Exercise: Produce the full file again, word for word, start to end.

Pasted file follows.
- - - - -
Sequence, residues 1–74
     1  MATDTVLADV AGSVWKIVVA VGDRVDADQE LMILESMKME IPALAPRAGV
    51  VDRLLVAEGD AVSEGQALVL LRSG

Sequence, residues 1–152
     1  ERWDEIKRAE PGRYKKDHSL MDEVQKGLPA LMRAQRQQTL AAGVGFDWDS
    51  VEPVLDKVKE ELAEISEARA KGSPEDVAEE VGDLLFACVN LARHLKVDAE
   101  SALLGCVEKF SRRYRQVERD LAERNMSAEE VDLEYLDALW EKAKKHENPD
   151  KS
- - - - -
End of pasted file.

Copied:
Sequence, residues 1–74
     1  MATDTVLADV AGSVWKIVVA VGDRVDADQE LMILESMKME IPALAPRAGV
    51  VDRLLVAEGD AVSEGQALVL LRSG

Sequence, residues 1–152
     1  ERWDEIKRAE PGRYKKDHSL MDEVQKGLPA LMRAQRQQTL AAGVGFDWDS
    51  VEPVLDKVKE ELAEISEARA KGSPEDVAEE VGDLLFACVN LARHLKVDAE
   101  SALLGCVEKF SRRYRQVERD LAERNMSAEE VDLEYLDALW EKAKKHENPD
   151  KS